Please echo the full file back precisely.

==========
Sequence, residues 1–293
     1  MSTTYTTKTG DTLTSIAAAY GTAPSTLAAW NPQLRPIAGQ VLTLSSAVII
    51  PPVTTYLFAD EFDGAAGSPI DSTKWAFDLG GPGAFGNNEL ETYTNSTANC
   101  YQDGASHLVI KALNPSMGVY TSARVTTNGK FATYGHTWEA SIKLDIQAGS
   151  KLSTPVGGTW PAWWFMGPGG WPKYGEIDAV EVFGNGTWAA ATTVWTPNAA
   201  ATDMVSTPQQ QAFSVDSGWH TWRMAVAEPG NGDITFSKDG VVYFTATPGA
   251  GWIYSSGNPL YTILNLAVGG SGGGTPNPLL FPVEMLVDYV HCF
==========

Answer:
Sequence, residues 1–293
     1  MSTTYTTKTG DTLTSIAAAY GTAPSTLAAW NPQLRPIAGQ VLTLSSAVII
    51  PPVTTYLFAD EFDGAAGSPI DSTKWAFDLG GPGAFGNNEL ETYTNSTANC
   101  YQDGASHLVI KALNPSMGVY TSARVTTNGK FATYGHTWEA SIKLDIQAGS
   151  KLSTPVGGTW PAWWFMGPGG WPKYGEIDAV EVFGNGTWAA ATTVWTPNAA
   201  ATDMVSTPQQ QAFSVDSGWH TWRMAVAEPG NGDITFSKDG VVYFTATPGA
   251  GWIYSSGNPL YTILNLAVGG SGGGTPNPLL FPVEMLVDYV HCF